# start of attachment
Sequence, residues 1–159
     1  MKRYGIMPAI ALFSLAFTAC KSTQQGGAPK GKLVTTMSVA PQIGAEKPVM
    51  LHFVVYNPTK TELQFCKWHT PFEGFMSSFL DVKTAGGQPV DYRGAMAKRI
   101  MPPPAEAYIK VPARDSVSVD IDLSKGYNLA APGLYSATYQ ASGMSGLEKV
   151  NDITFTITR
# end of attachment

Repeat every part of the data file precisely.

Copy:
Sequence, residues 1–159
     1  MKRYGIMPAI ALFSLAFTAC KSTQQGGAPK GKLVTTMSVA PQIGAEKPVM
    51  LHFVVYNPTK TELQFCKWHT PFEGFMSSFL DVKTAGGQPV DYRGAMAKRI
   101  MPPPAEAYIK VPARDSVSVD IDLSKGYNLA APGLYSATYQ ASGMSGLEKV
   151  NDITFTITR